That's a significant statement coming from someone who's regularly asked to play with top orchestras around the world, but the Dock Street has a special place in Blocker's heart. The acclaimed musician and arts advocate was just 15 years old when he made his orchestral debut at the historic theater in the 1960s. Having played piano since he was 5, the then-teenager was more than ready to lead a concert with the Charleston Symphony Orchestra. He played Beethoven's C Major Concerto.
"That first time when you sit at a piano in a hall with an orchestra is very special. I still remember the butterflies and how strange I felt wearing tails, because back then everybody wore tails, and, of course, it was essential for me to do that," Blocker says. "It was one of the memorable and wonderful experiences in my life."
The pianist returns to the Dock Street this weekend for his first pairing with CSO musicians since his public debut. He's come a long way since then. Besides earning international acclaim as a pianist, he's parlayed his passion for music into a career as an arts administrator, educator, consultant, and advocate. His resumé is daunting, with leadership positions at major institutions across the country. To name just a few, he helped establish the ArtsCorp program at UCLA, the Hispanica Friends Pro Musica at the University of North Texas, and the Cultural Olympiad in collaboration with the Central Conservatory of Beijing, where he's an honorary professor. For over a decade, he's served as dean of music at Yale University.
But Blocker came from humble beginnings. He refers to the late Louise Mathis as a huge influence — the Ashley Hall teacher taught him piano from the age of 5 until college.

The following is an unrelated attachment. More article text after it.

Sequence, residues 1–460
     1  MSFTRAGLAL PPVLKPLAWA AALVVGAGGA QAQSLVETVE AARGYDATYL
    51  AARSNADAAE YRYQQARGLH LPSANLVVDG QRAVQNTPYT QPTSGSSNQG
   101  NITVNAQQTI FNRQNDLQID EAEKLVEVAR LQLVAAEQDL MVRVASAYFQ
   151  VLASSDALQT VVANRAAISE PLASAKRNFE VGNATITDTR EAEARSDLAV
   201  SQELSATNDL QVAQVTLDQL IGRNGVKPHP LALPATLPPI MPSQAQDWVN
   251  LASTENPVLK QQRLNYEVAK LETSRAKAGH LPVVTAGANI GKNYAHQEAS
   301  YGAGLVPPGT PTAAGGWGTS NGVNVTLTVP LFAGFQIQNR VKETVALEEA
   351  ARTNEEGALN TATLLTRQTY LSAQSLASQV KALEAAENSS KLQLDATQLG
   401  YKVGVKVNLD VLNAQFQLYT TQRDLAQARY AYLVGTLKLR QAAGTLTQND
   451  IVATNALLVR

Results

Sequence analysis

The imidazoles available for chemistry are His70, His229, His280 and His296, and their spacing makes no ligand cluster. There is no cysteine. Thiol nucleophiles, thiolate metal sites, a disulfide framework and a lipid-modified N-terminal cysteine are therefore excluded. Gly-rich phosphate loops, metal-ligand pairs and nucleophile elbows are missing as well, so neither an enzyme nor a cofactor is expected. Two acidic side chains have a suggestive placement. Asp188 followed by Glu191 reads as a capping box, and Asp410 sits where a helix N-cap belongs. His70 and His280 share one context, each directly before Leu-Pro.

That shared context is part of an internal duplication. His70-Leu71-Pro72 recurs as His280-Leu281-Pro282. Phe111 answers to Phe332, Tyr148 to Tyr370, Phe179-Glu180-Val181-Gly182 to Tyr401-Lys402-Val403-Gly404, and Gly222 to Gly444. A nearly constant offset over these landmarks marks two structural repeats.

"I think the gift that Miss Mathis gave me, that was without a doubt the most important gift a teacher could give someone, was a deep and abiding love for music, a great passion for music, and I never lost that," Blocker says. "I certainly was not focused in a very narrow way on the fact that I'm going to be a pianist."
He also credits renowned pianist Richard Cass, who passed away last year, as a seminal influence. Both teachers encouraged him to compete against himself and his own talent as opposed to others.
"That's really all you can do," Blocker says. "I've tried to build that kind of community at every school I've been at, and I'm happy to say that Yale really does work that way."
Besides helping to create a more friendly learning environment at the prestigious school, Blocker has been credited with increasing minority enrollment, achieving salary equity among senior female staff members, and raising the school's endowment by more than $300 million. He just seems to have a magic touch. He even has ideas for symphonies like the CSO that are adjusting to a new generation of listeners.
"I think that we have to look at this as an opportunity, and for people in my generation, what we're hoping to do is assist in the transition because clearly it's a transition that is a facet of moving into the broader highway of the information age," Blocker says. "I think it's important that we facilitate that transition rather than become obstructive. It does not serve art and the discipline well if we say, 'Well, we don't have the budget, then we can't produce a season, then we might as well turn the lights off and go.'"
Blocker sees Saturday's concert as a chance to support the CSO as they work to get back on their feet. He will perform one of his favorite pieces, Mozart's Concerto for Piano, No. 23, K488 A major.
"The outer movements of this piece are very sunny," he says. "The second movement is the only time in all of the piano concerti that Mozart composed that he uses the key of F sharp minor. It is incredibly beautiful but mournful. ... I've never heard anyone say anything less than, 'This is one of the most beautiful pieces of music.' So to play it with the CSO at Dock Street I hope is going to be an incredible experience for all of us."